Bernard W. Pryor is believed to be the first African-American hired by the Army’s Signal Intelligence Service which would become the National Security Agency (NSA) in 1952.
A thirty-nine-year- old former motorcycle messenger with the Navy Department, entered duty on 13 November 1939 as a messenger with the Signal Intelligence Service.
By mid-1943, Mr. Pryor’s proven leadership, results in him becoming the senior messenger of 15 people.
In 1944, he was moved to the personnel department at the direction of Colonel W. Preston Corderman, the then Chief of the Army’s Signal Security Agency. Pryor was directed to find and hire 100 or so black people and “give them meaningful work.”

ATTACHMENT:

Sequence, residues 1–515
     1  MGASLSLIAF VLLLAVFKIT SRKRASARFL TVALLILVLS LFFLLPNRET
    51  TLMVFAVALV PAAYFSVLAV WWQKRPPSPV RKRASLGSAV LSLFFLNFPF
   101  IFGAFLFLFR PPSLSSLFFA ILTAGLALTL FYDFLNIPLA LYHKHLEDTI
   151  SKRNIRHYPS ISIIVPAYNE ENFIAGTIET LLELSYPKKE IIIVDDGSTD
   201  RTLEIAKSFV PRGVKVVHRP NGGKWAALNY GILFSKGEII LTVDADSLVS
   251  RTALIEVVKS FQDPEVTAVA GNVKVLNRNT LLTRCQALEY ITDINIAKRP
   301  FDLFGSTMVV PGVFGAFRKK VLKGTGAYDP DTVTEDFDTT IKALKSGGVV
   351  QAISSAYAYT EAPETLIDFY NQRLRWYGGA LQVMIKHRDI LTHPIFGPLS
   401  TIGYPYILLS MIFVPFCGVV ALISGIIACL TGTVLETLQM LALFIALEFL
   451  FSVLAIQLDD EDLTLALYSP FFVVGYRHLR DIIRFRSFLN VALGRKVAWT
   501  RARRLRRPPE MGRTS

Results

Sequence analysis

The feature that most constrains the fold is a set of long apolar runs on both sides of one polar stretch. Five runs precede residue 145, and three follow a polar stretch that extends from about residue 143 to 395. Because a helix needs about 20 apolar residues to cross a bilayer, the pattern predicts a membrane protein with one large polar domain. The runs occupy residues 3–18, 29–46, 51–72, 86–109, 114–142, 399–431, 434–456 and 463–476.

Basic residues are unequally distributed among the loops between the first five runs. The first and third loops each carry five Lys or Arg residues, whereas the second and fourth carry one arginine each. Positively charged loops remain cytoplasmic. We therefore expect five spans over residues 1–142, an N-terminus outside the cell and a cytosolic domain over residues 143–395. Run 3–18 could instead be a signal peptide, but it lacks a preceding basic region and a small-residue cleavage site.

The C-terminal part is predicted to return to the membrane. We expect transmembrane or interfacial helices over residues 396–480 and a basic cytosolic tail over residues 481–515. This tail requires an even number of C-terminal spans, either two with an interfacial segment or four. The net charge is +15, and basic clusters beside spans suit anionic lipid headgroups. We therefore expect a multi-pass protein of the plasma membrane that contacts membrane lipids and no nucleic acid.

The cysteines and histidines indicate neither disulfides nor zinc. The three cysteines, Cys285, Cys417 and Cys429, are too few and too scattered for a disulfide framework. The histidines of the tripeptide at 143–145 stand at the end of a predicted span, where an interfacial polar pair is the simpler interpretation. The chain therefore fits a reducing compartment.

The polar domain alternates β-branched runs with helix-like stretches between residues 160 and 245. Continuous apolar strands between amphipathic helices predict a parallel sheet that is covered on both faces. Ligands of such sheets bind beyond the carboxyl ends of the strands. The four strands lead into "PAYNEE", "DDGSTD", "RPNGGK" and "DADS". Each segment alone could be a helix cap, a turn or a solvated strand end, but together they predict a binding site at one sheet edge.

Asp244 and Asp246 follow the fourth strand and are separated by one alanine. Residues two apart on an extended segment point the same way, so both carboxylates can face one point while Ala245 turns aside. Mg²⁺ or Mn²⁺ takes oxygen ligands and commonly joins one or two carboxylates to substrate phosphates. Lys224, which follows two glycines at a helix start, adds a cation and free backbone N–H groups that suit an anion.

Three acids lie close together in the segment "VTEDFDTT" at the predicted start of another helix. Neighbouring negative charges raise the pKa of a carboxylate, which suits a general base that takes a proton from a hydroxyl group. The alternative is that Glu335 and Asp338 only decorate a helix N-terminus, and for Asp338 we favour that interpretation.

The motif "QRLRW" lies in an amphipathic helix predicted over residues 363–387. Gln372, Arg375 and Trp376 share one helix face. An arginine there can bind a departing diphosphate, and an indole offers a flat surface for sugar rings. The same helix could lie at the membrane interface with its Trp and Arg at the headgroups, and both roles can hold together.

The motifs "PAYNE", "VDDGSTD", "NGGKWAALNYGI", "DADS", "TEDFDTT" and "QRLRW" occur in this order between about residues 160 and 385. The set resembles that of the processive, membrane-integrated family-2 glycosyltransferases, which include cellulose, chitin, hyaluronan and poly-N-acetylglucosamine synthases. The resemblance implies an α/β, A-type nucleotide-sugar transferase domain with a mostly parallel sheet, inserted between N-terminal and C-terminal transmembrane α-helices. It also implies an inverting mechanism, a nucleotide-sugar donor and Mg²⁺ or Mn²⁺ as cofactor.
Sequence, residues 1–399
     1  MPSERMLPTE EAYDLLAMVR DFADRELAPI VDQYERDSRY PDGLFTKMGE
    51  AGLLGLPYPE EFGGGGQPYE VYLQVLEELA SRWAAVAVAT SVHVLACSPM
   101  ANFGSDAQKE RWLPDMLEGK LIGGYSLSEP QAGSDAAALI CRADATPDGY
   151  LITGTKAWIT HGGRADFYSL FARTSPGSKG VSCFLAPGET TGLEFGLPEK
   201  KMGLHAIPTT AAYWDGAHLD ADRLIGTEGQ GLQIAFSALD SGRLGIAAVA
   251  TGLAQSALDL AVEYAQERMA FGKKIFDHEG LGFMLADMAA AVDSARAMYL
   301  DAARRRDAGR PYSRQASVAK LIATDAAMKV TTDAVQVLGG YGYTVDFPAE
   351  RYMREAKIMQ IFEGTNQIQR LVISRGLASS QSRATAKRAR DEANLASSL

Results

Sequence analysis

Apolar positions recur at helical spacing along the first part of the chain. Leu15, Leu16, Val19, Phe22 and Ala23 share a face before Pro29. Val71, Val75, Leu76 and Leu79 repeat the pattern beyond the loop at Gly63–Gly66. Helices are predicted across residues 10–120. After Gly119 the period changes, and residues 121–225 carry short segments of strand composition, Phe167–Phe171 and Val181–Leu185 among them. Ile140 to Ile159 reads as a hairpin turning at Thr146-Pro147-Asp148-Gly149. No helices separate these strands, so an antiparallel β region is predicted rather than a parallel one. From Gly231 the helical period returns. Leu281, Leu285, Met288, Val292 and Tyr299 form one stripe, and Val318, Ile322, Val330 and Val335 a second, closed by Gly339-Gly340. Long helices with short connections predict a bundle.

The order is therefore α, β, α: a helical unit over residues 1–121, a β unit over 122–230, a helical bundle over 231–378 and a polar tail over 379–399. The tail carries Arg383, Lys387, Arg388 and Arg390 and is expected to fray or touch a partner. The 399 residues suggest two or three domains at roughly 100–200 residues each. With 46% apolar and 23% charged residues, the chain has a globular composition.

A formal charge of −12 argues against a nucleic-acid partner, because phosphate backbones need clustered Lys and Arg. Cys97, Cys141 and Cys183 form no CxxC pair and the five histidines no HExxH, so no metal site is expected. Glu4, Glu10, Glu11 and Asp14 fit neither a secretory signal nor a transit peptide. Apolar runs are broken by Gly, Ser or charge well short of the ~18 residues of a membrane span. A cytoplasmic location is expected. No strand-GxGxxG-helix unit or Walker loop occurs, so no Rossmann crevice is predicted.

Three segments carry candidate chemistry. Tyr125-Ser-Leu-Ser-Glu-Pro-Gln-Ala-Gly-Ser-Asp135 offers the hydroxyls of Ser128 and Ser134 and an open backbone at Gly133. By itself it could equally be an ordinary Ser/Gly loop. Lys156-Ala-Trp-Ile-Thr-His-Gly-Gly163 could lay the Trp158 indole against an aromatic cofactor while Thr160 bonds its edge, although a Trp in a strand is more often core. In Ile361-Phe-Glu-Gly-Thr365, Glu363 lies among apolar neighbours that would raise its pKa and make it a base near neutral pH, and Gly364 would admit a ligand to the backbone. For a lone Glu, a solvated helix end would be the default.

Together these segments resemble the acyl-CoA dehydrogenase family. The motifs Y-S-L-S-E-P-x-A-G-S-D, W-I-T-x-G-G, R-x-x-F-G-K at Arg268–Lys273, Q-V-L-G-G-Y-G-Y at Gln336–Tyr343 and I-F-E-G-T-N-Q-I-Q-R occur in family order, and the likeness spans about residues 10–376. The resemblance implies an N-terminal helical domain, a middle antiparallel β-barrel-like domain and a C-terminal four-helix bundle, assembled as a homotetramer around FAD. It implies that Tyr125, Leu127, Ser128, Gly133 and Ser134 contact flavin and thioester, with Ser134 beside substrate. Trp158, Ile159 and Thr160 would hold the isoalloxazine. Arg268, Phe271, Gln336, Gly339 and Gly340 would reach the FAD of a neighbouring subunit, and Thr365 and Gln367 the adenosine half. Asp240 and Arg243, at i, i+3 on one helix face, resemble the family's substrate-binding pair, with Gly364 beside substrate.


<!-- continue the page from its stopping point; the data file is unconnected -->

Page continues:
This was likely a directive that came from Eleanor Roosevelt, via her spouse. She had just advocated for the formal creation of the U.S. Army’s African-American pilot program.
Pryor remained in personnel until he retired in 1965. Almost certainly he was the first black to work at NSA.
By the end of the war, a segregated office of thirty African Americans was engaged in researching messages encrypted in unknown systems, analyzing them, and producing translations.